T-Mobile's Mobile TV Strategy Is More Amazon Channels Than DIRECTV NOW

T-Mobile has now provided some additional details on its TV ambitions and most noteworthy of which was the confirmation T-Mobile does not plan to launch a so-called “skinny” bundle. The information was provided as part of T-Mobile’s earnings call, following the company’s general Q4 2018 quarterly announcement.

Skinny bundles by nature are designed to be affordable by offering access to a lesser degree of content at what is a typically a lesser price compared to cable. Generally speaking, all OTT streaming and live TV service bundles are skinny bundles when compared to cable.

In the comments given today, T-Mobile’s Mike Sievert made it clear that T-Mobile does not see as much value in this segment simply due to the wide availability of services that are already operating in the market. Sievert did not mention any by name but did state that "every single media brand either has, or is developing an OTT solution."

T-Mobile will look to differentiate itself by focusing more on the ability for consumers to add and remove individual subscriptions at will.

Instead of going down the DIRECTV NOW, Hulu or YouTube TV route where you pay x amount per month and gain access to a number of channels/networks based on agreements between the live TV service and the networks/studios, T-Mobile will let customers choose the subscriptions they want and then calculate the overall cost. In Sievert’s own words, as a customer you will “be able to put together your own media subscription in smaller pieces.”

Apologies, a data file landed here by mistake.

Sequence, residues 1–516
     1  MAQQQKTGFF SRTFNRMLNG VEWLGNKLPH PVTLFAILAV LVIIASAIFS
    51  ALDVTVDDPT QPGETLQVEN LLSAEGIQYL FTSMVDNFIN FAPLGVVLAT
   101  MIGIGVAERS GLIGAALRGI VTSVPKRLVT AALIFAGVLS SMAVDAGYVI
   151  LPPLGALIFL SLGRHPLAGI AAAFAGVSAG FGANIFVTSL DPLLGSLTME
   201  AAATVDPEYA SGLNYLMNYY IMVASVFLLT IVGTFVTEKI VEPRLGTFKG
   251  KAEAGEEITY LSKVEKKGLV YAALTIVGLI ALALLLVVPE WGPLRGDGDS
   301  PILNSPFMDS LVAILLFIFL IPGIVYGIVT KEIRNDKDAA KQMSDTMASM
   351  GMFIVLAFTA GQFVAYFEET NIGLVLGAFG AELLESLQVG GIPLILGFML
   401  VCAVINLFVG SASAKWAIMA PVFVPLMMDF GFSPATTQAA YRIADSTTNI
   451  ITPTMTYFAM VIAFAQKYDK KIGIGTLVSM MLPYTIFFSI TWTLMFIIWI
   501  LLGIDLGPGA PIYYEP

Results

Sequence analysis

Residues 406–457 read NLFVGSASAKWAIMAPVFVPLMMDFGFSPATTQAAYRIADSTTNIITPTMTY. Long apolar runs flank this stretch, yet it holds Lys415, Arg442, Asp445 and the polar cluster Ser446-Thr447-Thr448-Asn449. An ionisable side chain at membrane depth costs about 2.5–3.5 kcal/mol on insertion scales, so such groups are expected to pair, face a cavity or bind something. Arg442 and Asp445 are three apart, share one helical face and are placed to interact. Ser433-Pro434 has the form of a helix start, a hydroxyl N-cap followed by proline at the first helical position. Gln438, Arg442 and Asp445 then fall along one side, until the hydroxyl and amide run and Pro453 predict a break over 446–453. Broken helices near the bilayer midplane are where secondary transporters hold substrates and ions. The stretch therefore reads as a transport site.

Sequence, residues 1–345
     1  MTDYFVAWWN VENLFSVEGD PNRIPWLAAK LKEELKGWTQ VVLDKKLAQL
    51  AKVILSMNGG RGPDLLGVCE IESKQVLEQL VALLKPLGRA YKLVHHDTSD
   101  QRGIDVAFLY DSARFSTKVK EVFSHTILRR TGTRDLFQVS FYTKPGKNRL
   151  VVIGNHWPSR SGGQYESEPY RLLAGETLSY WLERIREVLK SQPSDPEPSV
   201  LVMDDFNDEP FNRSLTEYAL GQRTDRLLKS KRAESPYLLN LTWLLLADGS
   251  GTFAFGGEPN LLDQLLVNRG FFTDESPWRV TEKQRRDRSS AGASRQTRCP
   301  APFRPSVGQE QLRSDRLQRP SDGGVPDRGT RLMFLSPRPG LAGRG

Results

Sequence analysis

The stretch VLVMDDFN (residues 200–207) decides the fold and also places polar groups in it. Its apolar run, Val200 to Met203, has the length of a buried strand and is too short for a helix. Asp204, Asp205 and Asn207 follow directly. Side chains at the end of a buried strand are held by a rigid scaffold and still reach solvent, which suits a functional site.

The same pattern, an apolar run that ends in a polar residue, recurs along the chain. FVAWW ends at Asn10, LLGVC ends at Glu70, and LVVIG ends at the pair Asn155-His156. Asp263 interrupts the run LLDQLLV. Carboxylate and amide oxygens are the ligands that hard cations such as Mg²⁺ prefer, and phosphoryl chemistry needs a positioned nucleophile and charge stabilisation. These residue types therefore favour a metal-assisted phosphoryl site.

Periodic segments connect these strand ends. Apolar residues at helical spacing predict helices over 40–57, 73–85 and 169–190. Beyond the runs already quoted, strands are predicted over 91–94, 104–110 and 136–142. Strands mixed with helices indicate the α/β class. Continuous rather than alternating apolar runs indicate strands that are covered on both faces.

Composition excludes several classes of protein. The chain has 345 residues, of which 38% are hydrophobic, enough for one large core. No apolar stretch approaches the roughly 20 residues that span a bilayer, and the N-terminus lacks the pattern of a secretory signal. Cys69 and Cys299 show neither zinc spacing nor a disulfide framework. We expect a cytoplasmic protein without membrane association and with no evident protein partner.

Sievert also stated that it is currently a “subscription palooza out there” and that’s part of the reason why T-Mobile has chosen this path. It wants to focus on providing customers with the tools and user experience to more easily find the content they want, and subscribe to that content.

For example, instead of a customer having to maintain 4 or 5 different network subscriptions, T-Mobile will let customers add all of those subscriptions through its service and this then allows that customer to focus on just paying the one company (T-Mobile) who in turn makes the relative payments to the other companies on the customer’s behalf. It’s more of a subscription management service in this sense.

This is not a totally new approach as there are already companies offering exactly the same thing. Arguably the most well-known and successful is Amazon with its Amazon Channels solution, although Roku has also very recently launched another version of a subscription management service where you can again add various premium network subscriptions and just pay Roku.

It is worth noting that Sievert was mostly talking in terms of T-Mobile’s mobile TV solution as the company does also plan to fully launch a repackaged version of the Layer3 TV product it purchased in late 2017/early 2018. As it is understood, that side of the service will arrive (already in tested in select markets) as more of a traditional solution for the home.

The repackaged Layer3 TV product was due to arrive in 2018 although it has seen delays in recent months. Sievert today reconfirmed the company’s plan to launch on a more nationwide scale in the first half of this year.

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John Anon

Editor-in-Chief
John has been writing about and reviewing tech products since 2014 after making the transition from writing about and reviewing airlines. With a background in Psychology, John has a particular interest in the science and future of the industry. Besides adopting the Managing Editor role at AH John also covers much of the news surrounding audio and visual tech, including cord-cutting, the state of Pay-TV, and Android TV. Contact him at john.anon@androidheadlines.com
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